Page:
The ranges and limitations provided in the instant specification and claims are those which are believed to particularly point out and distinctly claim the instant invention. It is, however, understood that other ranges and limitations that perform substantially the same function in substantially the same manner to obtain the same or substantially the same result are intended to be within the scope of the instant invention as defined by the instant specification and claims.
The invention will be described by the following examples which are provided for illustration purposes and are not to be construed as limiting the invention.
A sample of 98 g of crystalline ferroso-ferric oxide, Fe3 O4 -spinel structure, showing by electron microscopy octahedral crystallites having an average particle size of 10 μm was obtained as follows. 275 g of pre-dried Fe(OH)3.6H2 O were mixed with 450 ml of a 50-50 (by volume) ethanol-water solution and poured in an autoclave. The temperature was progressively increased till 240° C., maintained at 240° C. for 2 hours, increased to 415° C. in a 4 hours period and finally maintained at this temperature for 2 hours. During the first two hours of the process, the internal pressure increased to 690 bars, and was kept constant at this value till the end of the process. After a rapid quenching, a solid powder was recovered, dried overnight at 110° C. (under nitrogen) and characterized by X-ray diffraction (pure Fe3 O4) and electronic microscopy (octahedral morphology, average crystallite particle sizes: 10 μm).
A dehydrogenation catalyst containing "87.6% by weight, Fe3 O4, 12.4% by weight K2 O" was prepared by impregnation technique, using 56 g of the above-described Fe3 O4 powder and an aqueous solution of potassium nitrate (impregnation volume: 0.5 ml per g of powder). After drying overnight at 120° C., the catalyst was calcined under nitrogen at 800° C. for 2 hours. X-ray diffraction spectrum shows clearly the formation of a hexagonal potassium ferrite phase, K2 Fe12 O19 ; moreover, electronic microscopy techniques demonstrate the epitaxial growth of the hexagonal potassium ferrite on the (111) crystal planes of the Fe3 O4 spinel structure.
A mixture of ethylbenzene and steam heated to a certain temperature, was introduced into a reactor and led over 10 ml of catalyst, prepared as described above, pelletized, crushed and sieved into 0.25-0.42 mm solid particles.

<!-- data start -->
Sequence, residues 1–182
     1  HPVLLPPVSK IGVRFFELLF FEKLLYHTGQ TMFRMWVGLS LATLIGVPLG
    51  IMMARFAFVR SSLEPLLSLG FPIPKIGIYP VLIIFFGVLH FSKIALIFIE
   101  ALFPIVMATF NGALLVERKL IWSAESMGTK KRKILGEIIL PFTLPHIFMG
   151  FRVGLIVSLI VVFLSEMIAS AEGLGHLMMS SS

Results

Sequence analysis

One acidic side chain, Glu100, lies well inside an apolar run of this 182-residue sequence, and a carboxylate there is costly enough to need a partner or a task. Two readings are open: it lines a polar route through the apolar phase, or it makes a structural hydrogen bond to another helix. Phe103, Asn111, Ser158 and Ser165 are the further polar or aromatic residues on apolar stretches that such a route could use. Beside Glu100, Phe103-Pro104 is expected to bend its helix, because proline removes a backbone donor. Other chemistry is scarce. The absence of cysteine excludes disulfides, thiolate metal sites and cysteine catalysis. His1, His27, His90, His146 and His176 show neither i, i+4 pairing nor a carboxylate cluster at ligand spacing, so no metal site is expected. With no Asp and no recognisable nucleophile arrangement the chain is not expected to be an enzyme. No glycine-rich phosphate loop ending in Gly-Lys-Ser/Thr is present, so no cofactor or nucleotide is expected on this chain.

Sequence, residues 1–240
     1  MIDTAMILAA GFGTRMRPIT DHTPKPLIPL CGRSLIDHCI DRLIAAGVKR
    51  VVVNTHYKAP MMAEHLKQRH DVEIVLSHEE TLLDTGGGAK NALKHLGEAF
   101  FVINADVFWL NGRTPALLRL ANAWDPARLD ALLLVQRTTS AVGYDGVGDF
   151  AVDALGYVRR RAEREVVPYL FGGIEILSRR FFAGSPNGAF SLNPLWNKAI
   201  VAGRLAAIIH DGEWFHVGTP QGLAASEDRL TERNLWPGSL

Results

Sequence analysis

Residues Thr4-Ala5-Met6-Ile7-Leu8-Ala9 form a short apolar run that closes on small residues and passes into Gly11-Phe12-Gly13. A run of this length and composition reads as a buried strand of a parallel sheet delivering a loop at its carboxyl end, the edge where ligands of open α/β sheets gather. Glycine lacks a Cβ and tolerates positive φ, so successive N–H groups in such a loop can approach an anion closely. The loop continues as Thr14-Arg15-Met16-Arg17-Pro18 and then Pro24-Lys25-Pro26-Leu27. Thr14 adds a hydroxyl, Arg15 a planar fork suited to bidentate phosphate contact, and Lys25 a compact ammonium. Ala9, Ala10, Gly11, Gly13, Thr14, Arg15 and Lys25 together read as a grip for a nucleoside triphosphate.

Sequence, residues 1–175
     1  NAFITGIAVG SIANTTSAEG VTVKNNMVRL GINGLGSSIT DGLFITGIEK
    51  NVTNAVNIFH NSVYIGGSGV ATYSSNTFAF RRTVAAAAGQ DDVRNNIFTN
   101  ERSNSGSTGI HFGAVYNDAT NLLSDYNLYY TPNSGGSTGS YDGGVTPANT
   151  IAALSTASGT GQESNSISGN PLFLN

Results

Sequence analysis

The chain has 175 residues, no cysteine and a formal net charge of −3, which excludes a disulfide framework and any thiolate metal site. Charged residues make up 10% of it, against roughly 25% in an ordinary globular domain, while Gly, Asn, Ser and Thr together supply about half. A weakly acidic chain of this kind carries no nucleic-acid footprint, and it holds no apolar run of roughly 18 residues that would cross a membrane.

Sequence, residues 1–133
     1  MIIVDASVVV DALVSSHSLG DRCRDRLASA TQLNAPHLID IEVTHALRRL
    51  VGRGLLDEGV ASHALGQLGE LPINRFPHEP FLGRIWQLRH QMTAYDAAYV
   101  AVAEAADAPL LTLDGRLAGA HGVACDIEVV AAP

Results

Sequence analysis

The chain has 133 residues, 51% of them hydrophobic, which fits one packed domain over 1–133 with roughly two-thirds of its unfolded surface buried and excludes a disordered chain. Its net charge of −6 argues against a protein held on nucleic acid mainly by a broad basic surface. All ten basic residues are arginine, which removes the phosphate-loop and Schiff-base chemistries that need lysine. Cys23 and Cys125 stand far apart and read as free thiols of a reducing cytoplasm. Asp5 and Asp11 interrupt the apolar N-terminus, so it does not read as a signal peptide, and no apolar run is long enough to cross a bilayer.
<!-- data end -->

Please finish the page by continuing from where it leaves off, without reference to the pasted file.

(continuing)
The mixture was conducted at atmospheric pressure and a liquid hourly space velocity of one liter ethylbenzene per liter catalyst and per hour through the catalyst bed.
The temperature was adjusted so that the conversion of ethylbenzene was 70%. The reaction product leaving the reactor was analyzed by means of gas-liquid chromatography. From the data obtained, the temperature at 70% conversion and the selectivity to styrene was calculated.
The steam to ethylbenzene molar ratio was first adjusted to 12, the temperature of the catalyst was adjusted until the conversion of ethylbenzene was 70% (T70). The selectivity to styrene at 70% conversion is indicated as S70.
It is well known in the art that lowering the catalyst temperature and the steam to ethylbenzene ratio induces catalyst deactivation. Thus, the stability of the catalyst was determined at low temperature (≦575° C.) and using a molar ratio steam to ethylbenzene ≦7.0 by determining the average increase of the temperature which was necessary to keep the conversion of ethylbenzene at the constant value in each experiment. This average increase of temperature is indicated as "°C./day".
In the table, the T70 -S70 and °C./day values are given. It can be seen that S70 is 94.5% at T70 =615° C., and activity losses are zero at steam to ethylbenzene ratio of 6.7 and 1.3° C./day at a lower 5.4 steam to ethylbenzene ratio. Such a catalyst appears thus to be highly selective (>94%) and extremely stable at steam to ethylbenzene molar ratio as low as 6.7.
The same recipe as in Example 1 was repeated, using 182 g of iron hydroxide.
A solid powder (65 g) was recovered, dried overnight at 110° C. under nitrogen, consisting of crystalline Fe3 O4 (X-ray diffraction) with pure octahedral morphology (electron microscopy-, average crystallite particle size: 5 μm).
A dehydrogenation catalyst containing 87.6% by weight Fe3 O4 and 12.4% by weight K2 O, was prepared as described in Example 1, using 64.35 g of the Fe3 O4 powder and an aqueous solution of potassium nitrate (impregnation volume: 0.5 ml per g of powder). After the calcination step, the epitaxial growth of K2 Fe12 O19 on the (111) crystal planes of Fe3 O4 octahedra was again observed (X-ray diffraction and electronic microscopy).
The catalyst activity, selectivity and stability were determined in the same experimental conditions as in Example 1. As shown in the Table, the catalyst of Example 2 is also highly selective (94.2%) and extremely stable at a steam to ethylbenzene molar ratio as low as 6.8.